California Sun

Good morning. It's Monday, Nov. 29.

Public health experts caution against panic over Omicron.
Bay Area security guard fatally shot while protecting news crew.
And L.A. restaurants brace for hostility over vaccine mandate.

Statewide

1

“Be concerned, but don’t panic.”

Officials said Sunday that the Omicron variant had not been yet detected in California, even as a growing number of countries reported cases of the worrying coronavirus strain first documented in South Africa. Gov. Gavin Newsom said Sunday that California was monitoring the variant but announced no new restrictions. The Chronicle asked five Bay Area experts how they were responding. None saw cause to alter their holiday travel plans. S.F. Chronicle | L.A. Times

See a map tracking the spread of Omicron. 👉 N.Y. Times

  
2

California Correctional Center in Susanville has reported more than 1,400 coronavirus cases.

Gary Coronado/L.A. Times via Getty Images

A federal appeals court on Friday temporarily blocked a judge's order that California prison guards must be vaccinated against Covid-19. While Gov. Gavin Newsom has insisted on vaccines or testing for government workers, he sided with the state's powerful correctional officers' union in fighting a mandate for prisons. In a lower court ruling, the judge accused Newsom of "deliberate indifference" to inmates' health. More than 240 inmates have died from the coronavirus in California's prisons. A.P.

  
3

Jorge Mijango, a landscaper, cut trees at a property in Orinda on Nov. 16.

Aric Crabb/East Bay Times via Getty Images

While many Californians welcomed a new law banning gas-powered lawn equipment, the measure is expected to hurt 50,000 small businesses, often run by immigrants. Many will have to buy a truckload of expensive electric tools, and crews will need to carry 30 to 40 fully charged batteries to last through a full day's work. The state proposed a subsidy to mitigate the cost: It amounts to a 50% coupon for a single tool. CalMatters

  

Northern California

4

Kevin Nishita.

Alameda County Sheriff's Office

A security guard died Saturday after he was shot while protecting a TV news crew doing a story on a burglarized Oakland store, officials said. Kevin Nishita, a retired police officer, was shot in the abdomen as he tried to stop a man from stealing the crew's camera equipment, a former KRON reporter told the Chronicle. He left behind a wife and two young children. “It hurts to say, ‘was.’ He was just the kindest man,” said KPIX reporter Andria Borba. KPIX | S.F. Chronicle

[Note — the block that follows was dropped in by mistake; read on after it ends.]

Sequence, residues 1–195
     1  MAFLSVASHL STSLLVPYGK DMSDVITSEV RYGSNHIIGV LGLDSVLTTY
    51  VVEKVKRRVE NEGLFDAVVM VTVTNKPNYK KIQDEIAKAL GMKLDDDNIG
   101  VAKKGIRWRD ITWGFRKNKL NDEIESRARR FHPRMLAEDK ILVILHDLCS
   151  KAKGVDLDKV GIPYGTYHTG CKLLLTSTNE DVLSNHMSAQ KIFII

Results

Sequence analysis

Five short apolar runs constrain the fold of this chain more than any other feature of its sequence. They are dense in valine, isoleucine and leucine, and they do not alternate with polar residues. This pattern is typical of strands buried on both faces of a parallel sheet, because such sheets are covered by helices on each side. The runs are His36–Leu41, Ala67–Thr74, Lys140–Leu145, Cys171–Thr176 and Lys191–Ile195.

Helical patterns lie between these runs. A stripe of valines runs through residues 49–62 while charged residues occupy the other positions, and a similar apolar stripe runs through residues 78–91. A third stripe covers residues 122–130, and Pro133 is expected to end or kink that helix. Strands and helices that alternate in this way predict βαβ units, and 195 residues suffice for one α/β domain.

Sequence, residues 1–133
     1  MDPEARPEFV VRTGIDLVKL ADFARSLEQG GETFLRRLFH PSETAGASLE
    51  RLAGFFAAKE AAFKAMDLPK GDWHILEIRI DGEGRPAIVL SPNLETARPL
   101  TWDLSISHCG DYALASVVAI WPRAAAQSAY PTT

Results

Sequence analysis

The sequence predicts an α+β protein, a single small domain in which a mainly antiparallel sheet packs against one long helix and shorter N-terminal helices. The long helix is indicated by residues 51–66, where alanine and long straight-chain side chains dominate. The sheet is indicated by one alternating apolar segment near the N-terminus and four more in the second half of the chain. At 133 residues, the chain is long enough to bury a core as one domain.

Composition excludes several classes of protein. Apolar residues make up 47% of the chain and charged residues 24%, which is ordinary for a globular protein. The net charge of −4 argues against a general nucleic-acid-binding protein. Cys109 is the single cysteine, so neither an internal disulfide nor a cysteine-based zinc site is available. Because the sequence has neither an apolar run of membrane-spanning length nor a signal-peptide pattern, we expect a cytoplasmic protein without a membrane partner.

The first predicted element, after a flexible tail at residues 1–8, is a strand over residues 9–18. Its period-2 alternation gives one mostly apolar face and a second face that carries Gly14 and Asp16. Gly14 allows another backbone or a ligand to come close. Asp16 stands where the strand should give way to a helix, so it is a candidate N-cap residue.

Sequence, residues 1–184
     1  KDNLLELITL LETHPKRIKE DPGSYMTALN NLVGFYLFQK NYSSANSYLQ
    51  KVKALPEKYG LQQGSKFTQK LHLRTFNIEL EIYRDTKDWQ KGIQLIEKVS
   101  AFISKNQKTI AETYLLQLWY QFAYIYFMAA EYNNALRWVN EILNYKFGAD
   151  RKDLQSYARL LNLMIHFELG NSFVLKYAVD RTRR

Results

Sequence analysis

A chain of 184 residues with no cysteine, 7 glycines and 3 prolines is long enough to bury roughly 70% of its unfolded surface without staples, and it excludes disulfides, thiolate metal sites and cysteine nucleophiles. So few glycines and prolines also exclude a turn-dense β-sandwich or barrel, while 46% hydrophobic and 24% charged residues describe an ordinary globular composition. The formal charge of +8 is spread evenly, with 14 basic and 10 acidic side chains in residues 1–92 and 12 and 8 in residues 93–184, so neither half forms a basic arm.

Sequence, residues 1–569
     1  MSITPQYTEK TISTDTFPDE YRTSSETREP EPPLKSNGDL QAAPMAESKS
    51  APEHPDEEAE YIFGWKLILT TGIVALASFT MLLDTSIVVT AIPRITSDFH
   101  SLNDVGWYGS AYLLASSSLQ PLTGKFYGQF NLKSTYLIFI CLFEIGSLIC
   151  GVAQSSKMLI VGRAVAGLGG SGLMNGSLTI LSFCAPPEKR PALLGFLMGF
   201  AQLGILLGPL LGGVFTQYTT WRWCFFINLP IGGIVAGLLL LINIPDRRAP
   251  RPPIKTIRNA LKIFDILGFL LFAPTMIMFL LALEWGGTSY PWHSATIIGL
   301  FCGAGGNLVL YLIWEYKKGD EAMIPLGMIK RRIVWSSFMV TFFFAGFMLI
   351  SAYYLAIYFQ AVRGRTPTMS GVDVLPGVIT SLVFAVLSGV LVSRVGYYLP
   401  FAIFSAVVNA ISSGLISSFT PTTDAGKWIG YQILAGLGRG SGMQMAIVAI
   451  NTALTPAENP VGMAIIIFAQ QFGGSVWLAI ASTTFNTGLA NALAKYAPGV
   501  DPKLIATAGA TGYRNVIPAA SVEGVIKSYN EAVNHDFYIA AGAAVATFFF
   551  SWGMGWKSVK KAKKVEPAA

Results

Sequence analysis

5

“People were upset. Their whole lives changed."

A magazine article on the political repercussions of climate change included a striking anecdote from Northern California. After a 2018 wildfire all but destroyed the town of Paradise, the population of nearby Chico swelled with fire refugees. Residents expressed their alarm by remaking the seven-seat City Council at the ballot box. Before the influx, the council had five liberals; now it has one. Politico Magazine

  
6

One of the baby otters got a checkup last week.

The Santa Barbara Zoo shared absurdly cute photos of their four new Asian small-clawed otter pups. The two girls and two boys were born Nov. 12 and mother and babies were doing well, the zoo said. Listed as threatened, the Asian small-clawed otter is the world's smallest otter species, with puppy-like faces and jaws strong enough to crack open shellfish. Santa Barbara Independent | Noozhawk

  
7

A film restorer used artificial intelligence to enhance video captured from the point of view of San Francisco cable cars in the 1960s. The result is mesmerizing, showing the elegant buildings, cool cars, and stylish residents of what many who lived through it regard as San Francisco's greatest decade. YouTube (~3:45 mins)

SFGate.com described the cable car routes.

  

Southern California

8

Some business owners are dreading the impending enforcement of Los Angeles’ new rule barring unvaccinated people from entering restaurants, gyms, and other venues. When Milbet Del Cid, a struggling restaurant owner, used social media to warn her clientele, which she said is mostly Guatemalan with low vaccination rates, criticism poured in. “If I don’t let customers eat," she said, "who’s going to lose that business? Me.” L.A. Times

  
9

A woman waited for a train at North Hollywood Station on May 20.

Brian van der Brug/L.A. Times via Getty Images

Violent crime in Los Angeles' public transit system is exceeding pre-pandemic levels even though ridership hasn't fully recovered. In 2021, through September, reports of violent crime were up 25% compared to the same period last year. Sheriff Alex Villanueva cited the Oct. 10 murder of a 28-year-old woman to argue against a proposed shift to non-law enforcement alternatives, such as transit ambassadors, which he said would provide “an illusion of security.” L.A. Times

  
10

A sculpture of a fossilized gas station at the California Air Resources Board’s new facility in Riverside.

California Air Resources Board